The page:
The journal Public Health recently published a set of articles on the so-called Nanny State that came out of a mini-symposium. Makes for interesting reading!
Here's a list of the articles, they are all in Public Health, Volume 129, Issue 8 (August 2015):
The National Toxicology Program (NTP) has been conducting experiments in rats and mice on potential health hazards from cell phone radiofrequency radiation. Today, the NTP released a report on some important study findings.
Here are some key points about the cell phone study:
Likewise, the NTP is providing the findings to the public. A report has been posted at http://biorxiv.org/content/early/2016/05/26/055699. The report is titled, "Report of Partial Findings From the National Toxicology Program Carcinogenesis Studies of Cell Phone Radiofrequency Radiation in Hsd: Sprague Dawley SD Rats (Whole Body Exposure)." Studies in mice and further evaluations of the rat studies are continuing. The complete results from all the rat and mice studies will be available for peer review and public comment by the end of 2017.
- from NTP News, May 27, 2016
A recent study published in Environmental Rsearch Letters concludes that a relatively small number of polluting facilities is responsible for the greatest amount of pollution. And, this promarily affects communities of color or low-icome areas.
This research relies on two data sources?the US Environmental Protection Agency's Risk Screening Environmental Indicators-Geographic Microdata (RSEI-GM) from 2007 and the US Census of Population and Households from 2000. Results of the analysis provide strong evidence that toxic outliers exist. And, as they isolated the points with the highest exposure estimates, a greater density of low income households and nonwhite populations were found. "In an analysis of all permitted industrial facilities across the United States, we show that there exists a class of hyper-polluters - the worst-of-the-worst - that disproportionately expose communities of color and low income populations to chemical releases."
Linking 'toxic outliers' to environmental justice communities Mary B Collins, Ian Munoz and Joseph JaJa Environmental Research Letters, Volume 11, Number 1 (in a special issue, Focus on Environmental Justice: New Directions in International Research).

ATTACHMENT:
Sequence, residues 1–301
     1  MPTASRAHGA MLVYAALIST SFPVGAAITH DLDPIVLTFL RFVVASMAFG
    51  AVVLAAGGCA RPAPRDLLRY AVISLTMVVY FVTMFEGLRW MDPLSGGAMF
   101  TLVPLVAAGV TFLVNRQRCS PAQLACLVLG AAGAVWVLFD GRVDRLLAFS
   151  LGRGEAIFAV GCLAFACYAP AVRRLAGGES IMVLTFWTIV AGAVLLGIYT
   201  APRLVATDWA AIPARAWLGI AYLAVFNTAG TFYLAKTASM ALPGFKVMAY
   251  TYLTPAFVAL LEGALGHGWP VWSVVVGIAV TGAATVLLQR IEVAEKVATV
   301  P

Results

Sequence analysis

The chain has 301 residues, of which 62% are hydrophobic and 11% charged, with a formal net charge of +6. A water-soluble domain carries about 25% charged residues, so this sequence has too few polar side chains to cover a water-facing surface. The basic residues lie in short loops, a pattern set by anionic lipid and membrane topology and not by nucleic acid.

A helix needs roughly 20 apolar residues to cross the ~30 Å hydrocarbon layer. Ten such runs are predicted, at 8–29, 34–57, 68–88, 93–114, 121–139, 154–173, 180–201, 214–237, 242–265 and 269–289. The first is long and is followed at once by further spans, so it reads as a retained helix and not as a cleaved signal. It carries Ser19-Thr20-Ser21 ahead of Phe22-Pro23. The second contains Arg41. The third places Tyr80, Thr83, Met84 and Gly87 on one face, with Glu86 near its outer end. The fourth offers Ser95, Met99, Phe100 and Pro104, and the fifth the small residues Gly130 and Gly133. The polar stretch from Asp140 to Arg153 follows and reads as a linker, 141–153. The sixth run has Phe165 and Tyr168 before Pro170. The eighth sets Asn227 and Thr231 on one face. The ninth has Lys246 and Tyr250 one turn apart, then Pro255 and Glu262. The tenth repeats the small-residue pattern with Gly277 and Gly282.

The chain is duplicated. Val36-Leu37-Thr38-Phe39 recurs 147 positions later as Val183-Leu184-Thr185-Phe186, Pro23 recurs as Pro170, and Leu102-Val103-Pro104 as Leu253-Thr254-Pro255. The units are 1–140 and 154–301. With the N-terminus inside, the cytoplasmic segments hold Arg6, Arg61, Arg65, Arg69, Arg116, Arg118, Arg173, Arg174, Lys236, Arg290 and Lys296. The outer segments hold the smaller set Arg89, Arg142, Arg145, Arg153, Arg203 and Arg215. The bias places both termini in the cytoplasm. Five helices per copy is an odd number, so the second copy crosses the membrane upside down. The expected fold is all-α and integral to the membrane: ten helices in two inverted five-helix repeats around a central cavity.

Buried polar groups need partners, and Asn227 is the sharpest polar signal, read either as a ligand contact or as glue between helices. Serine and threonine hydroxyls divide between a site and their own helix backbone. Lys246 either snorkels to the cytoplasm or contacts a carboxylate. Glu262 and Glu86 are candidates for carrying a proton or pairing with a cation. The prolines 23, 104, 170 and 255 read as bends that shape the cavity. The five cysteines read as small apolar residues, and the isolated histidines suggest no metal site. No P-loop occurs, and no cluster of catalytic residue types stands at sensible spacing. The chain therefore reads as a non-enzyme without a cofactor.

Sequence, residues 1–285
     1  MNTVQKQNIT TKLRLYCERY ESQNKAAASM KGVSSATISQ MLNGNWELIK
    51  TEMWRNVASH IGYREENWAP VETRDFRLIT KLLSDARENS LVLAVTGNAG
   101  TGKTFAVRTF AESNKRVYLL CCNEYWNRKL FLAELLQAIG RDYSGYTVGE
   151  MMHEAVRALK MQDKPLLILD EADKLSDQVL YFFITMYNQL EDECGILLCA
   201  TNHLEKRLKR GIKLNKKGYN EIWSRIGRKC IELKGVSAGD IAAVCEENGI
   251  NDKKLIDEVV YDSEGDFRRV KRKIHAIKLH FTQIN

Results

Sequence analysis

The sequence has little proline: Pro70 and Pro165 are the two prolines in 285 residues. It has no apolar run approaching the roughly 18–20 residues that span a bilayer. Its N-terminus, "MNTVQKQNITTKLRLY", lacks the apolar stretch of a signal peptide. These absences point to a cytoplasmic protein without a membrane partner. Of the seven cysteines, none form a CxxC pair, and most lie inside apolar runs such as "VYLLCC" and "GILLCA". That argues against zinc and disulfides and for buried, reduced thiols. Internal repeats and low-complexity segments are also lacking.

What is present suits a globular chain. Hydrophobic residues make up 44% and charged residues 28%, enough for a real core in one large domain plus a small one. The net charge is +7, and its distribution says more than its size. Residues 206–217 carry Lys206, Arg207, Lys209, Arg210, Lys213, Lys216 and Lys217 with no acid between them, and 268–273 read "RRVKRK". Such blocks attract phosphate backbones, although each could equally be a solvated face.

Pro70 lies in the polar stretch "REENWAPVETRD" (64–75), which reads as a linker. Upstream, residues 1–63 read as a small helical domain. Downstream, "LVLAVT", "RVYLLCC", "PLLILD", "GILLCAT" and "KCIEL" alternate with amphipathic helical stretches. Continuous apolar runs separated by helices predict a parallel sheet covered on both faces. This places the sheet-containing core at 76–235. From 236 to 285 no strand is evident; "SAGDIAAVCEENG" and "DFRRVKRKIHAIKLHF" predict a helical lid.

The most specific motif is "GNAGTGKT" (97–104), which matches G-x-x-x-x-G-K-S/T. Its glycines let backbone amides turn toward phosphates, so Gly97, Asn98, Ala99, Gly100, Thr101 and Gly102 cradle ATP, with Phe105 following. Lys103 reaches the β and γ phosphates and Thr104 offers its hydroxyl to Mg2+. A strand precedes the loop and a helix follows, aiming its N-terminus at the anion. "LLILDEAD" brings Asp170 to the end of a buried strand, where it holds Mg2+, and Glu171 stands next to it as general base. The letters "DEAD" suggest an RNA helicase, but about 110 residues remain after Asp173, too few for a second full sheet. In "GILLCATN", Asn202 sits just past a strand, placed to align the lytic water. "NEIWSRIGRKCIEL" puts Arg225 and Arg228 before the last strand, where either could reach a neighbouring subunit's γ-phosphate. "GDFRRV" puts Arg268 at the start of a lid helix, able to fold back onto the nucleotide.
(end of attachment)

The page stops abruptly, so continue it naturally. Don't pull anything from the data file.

Finding Health Statistics & Data
Tue, March 1, 2016 - 12:00 PM to 1:30 PM
D-Lab Convening Room (356 Barrows Hall)
Participants in this workshop will learn about some of the issues surrounding the collection of health statistics, and will also learn about authoritative sources of health statistics and data. We will look at tools that let you create custom tables of vital statistics (birth, death, etc.), disease statistics, health behavior statistics, and more. The focus will be on US statistics, but sources of non-US statistics will be covered as well.
Whether you need a quick fact or a data set to analyze, this workshop will lead you to relevant data sources. Students will have a chance to explore some of these tools in class, so please bring your laptop.
Michael Sholinbeck, Outreach/Instruction Librarian, Sheldon Margen Public Health Library
The National Library of Medicine (NLM) recently developed resource lists for three public health emergencies affecting both local and global communities:
An incident web page was created to gather resources on the emerging health issues arising from the Zika Virus.
Two PDF documents on recent chemical incidents have been updated.
Links to these lists are included below and also can be found on the NLM Disaster Health home page, https://disasterinfo.nlm.nih.gov
Zika Virus Health Information Resources https://disasterinfo.nlm.nih.gov/dimrc/zikavirus.html
Lead in Flint, Michigan Water System https://sis.nlm.nih.gov/enviro/FlintLeadWater.pdf
Aliso Canyon/Porter Ranch Gas Leak https://disasterinfo.nlm.nih.gov/dimrc/aliso_canyon_gas_leak.pdf
These resource lists link to a variety of sources such as:
To keep up-to-date on these and other Disaster Health resources, please sign-up for email updates: https://public.govdelivery.com/accounts/USNLMDIMRC/subscriber/new.